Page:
autoCheckOut – If true, check out the resource plan for editing.  This will depend exactly what you are doing.  You might want to check out just before the update, and you would also want to check that it wasn’t already checked out too.

A similar set of parameters also apply to the QueueUpdateResourcePlan method:

projectUid – Project GUID.
rpds – ResourcePlanDataSet that specifies changes in the specified resource plan.  Basically a manipulated version of the one you read in.  Don’t AcceptChanges!
timephasedFTE – If true, update with timephased full time equivalent resources. Same meaning as above.
autoCheckIn – If true, check in the resource plan after updating.
jobUid – Queue job GUID.

Also I am assuming there is already a Resource Plan for the project – if not my code would fail with a System.Web.Services.Protocols.SoapException: ProjectServerError(s) LastError=GeneralItemDoesNotExist and you would need to use the UI or QueueCreateResourcePlan method.  And finally you cannot publish the resource plan unless the project plan is published – or you will get another error – System.Web.Services.Protocols.SoapException: ProjectServerError(s) LastError=ResourcePlanProjectPublishIncomplete.  It would be unusual to get this condition as in most cases you create resource plans on published projects, but could happen with Activitity plans and proposals and server-side or other programmatically created projects.

Rather than repeat things I have added comments in the code where I think some explanation is necessary.  This snippet assumes you have a reference to PSLibrary = Microsoft.Office.Project.Server.Library; and a web reference to the Resource Plan web service.  I’ve hardcoded quite a bit of stuff just to show what is going on.


Guid projUid = new Guid("357afdea-0b68-46bc-8358-7557c8f90a8f");            
Guid resUid = new Guid("f249df7c-eca9-41c7-bd52-48def0ab50bc");                        
ResourcePlan resourcePlan = new ResourcePlan();           
resourcePlan.Credentials = CredentialCache.DefaultCredentials;           
resourcePlan.Url = "http://brismithupgrade/2k7/_vti_bin/PSI/resourceplan.asmx";
ResourcePlanDataSet dsResourcePlan = new ResourcePlanDataSet();
// Read in a resource plan dataset for our chosen project 
dsResourcePlan = resourcePlan.ReadResourcePlan(null, projUid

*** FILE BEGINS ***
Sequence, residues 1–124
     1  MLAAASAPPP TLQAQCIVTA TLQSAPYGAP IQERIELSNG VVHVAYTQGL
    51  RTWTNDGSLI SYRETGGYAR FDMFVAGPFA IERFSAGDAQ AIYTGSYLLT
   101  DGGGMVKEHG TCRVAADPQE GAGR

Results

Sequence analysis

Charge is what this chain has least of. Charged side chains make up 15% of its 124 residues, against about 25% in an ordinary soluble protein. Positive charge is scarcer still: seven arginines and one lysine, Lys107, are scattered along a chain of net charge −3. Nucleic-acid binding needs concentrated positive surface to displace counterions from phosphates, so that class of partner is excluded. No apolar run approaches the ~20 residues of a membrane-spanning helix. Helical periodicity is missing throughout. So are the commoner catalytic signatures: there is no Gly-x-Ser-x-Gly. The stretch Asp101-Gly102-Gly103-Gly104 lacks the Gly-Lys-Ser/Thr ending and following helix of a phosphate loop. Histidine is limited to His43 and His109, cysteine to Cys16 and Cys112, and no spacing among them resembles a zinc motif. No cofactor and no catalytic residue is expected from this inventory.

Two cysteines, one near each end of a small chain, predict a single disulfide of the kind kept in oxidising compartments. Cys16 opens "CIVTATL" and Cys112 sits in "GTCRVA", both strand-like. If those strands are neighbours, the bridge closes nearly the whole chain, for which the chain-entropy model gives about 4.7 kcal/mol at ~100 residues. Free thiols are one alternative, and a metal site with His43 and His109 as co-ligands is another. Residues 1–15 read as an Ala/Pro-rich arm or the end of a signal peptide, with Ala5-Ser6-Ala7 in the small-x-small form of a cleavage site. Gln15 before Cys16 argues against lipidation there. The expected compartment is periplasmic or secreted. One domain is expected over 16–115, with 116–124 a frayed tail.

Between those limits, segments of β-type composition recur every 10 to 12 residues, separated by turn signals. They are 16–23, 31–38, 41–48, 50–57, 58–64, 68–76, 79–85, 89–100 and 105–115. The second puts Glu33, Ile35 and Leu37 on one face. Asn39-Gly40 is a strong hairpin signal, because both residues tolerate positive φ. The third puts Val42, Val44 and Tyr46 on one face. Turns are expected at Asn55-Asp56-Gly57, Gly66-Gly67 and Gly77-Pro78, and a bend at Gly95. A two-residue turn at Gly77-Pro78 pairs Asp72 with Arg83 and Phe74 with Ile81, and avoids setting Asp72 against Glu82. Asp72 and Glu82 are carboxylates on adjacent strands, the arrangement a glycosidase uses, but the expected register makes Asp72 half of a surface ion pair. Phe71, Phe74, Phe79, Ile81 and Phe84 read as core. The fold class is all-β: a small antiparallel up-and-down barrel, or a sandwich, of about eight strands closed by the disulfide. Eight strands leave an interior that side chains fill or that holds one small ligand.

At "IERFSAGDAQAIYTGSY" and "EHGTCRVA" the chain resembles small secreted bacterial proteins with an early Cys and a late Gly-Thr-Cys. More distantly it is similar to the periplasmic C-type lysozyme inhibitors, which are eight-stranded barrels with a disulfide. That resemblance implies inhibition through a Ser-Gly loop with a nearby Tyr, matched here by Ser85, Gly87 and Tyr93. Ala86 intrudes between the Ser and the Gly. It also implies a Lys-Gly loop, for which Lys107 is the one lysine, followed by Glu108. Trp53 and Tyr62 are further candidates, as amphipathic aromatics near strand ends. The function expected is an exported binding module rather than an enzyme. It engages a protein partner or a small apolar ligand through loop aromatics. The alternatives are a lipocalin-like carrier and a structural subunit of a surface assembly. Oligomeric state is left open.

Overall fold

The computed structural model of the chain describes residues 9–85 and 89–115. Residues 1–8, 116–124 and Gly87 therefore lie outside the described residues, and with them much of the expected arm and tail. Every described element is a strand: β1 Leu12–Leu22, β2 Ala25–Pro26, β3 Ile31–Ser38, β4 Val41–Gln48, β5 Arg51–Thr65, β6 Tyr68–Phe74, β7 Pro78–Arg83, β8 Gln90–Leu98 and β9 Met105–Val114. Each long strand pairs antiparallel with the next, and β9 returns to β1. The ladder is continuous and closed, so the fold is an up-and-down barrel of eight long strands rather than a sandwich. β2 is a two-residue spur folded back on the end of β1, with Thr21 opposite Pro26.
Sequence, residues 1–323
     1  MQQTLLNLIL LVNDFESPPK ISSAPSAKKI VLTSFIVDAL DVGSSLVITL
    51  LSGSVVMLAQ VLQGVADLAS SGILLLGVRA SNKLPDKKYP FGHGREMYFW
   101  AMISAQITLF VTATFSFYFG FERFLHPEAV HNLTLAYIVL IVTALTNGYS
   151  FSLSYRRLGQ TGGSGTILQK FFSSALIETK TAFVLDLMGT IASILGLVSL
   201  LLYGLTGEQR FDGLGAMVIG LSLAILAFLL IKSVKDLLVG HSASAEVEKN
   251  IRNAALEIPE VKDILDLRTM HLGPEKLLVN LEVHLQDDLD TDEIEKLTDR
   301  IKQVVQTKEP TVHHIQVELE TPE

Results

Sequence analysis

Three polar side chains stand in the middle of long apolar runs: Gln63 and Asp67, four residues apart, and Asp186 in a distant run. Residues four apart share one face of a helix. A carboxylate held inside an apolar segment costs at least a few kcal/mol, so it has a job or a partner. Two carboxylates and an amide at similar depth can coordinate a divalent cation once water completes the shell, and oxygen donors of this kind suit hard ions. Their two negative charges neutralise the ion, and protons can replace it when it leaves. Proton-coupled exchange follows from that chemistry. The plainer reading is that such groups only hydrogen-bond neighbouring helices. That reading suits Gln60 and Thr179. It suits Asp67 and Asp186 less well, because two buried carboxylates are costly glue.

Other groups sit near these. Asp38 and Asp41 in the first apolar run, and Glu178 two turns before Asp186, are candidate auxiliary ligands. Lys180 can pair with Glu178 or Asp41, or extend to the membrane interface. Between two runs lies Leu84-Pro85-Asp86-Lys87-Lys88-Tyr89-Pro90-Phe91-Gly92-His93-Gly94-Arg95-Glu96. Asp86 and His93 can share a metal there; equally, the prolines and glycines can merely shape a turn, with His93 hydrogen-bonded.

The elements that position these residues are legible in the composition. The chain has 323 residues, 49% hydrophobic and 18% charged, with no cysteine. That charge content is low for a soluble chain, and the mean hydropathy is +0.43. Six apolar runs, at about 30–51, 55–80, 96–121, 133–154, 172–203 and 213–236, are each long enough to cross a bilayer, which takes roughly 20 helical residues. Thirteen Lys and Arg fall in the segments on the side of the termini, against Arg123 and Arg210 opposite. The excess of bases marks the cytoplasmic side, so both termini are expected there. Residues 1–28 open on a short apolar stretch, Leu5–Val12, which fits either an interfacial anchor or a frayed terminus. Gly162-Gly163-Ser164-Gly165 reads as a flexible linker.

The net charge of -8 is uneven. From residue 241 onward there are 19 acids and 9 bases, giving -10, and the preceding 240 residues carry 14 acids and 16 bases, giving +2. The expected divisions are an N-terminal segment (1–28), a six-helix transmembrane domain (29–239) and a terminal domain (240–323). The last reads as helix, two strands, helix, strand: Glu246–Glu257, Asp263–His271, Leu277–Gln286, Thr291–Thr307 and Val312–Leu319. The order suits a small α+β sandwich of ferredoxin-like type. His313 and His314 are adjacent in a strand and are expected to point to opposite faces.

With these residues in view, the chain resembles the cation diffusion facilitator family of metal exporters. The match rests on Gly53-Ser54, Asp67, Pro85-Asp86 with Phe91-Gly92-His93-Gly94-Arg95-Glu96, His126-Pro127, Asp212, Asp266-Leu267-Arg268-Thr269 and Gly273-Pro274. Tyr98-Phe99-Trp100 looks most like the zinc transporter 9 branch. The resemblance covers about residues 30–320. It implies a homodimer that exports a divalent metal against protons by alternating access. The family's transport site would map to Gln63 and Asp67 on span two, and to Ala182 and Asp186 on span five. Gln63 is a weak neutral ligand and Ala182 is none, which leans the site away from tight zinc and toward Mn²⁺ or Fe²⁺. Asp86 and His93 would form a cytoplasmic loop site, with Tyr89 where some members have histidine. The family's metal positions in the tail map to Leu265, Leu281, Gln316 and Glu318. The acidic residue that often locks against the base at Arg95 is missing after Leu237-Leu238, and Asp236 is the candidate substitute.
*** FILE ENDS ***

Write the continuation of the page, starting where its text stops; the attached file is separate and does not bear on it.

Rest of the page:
,DateTime.Parse("01/01/2010"), DateTime.Parse("12/31/2010")
 ,(short)PSLibrary.TimeScaleClass.TimeScale.Months , false, false); 
// Create a new Plan Resource Row and set some properties

ResourcePlanDataSet.PlanResourcesRow resourcePlanRow 
= dsResourcePlan.PlanResources.NewPlanResourcesRow();            
resourcePlanRow.PROJ_UID = projUid;            
resourcePlanRow.RES_UID = resUid; 
// Assignment UID does not need to be specified - it will be auto generated             
// The value used against intervalx will depend on the setting for the timePhasedFTE value            
// If set to true, then enter values like 1 for one Full Time Equivalent            
// If set to false the Intervalx values are entered as 1/10th Minutes - 600 = 1h, 4800 = 1d            
// This entry adds 4800 = 1d = 8h, to the 7th interval - August with the settings I am using
resourcePlanRow["Interval7"] = 4800;
// And this one adds 5 days to September
resourcePlanRow["Interval8"] = 48000;
// 0 = Committed and 1 = Proposed or use the enumeration
resourcePlanRow.ASSN_BOOKING_TYPE = (byte)PSLibrary.Resource.BookingType.Committed ;
// Add the row the the resource plan 
// Use the same jobUid for the update and checkin.
Guid jobUid = Guid.NewGuid();
resourcePlan.CheckOutResourcePlans(new Guid[1] { projUid });            
resourcePlan.QueueUpdateResourcePlan(projUid, dsResourcePlan, false, false, jobUid);  
//  Need to be sure the project plan is published or this will fail

resourcePlan.QueuePublishResourcePlan(projUid, Guid.NewGuid());            
resourcePlan.QueueCheckInResourcePlans(new Guid[1] { projUid }, false, new Guid[1] { jobUid });

I hope this help you understand how to work with Resource Plans in a programmatic way.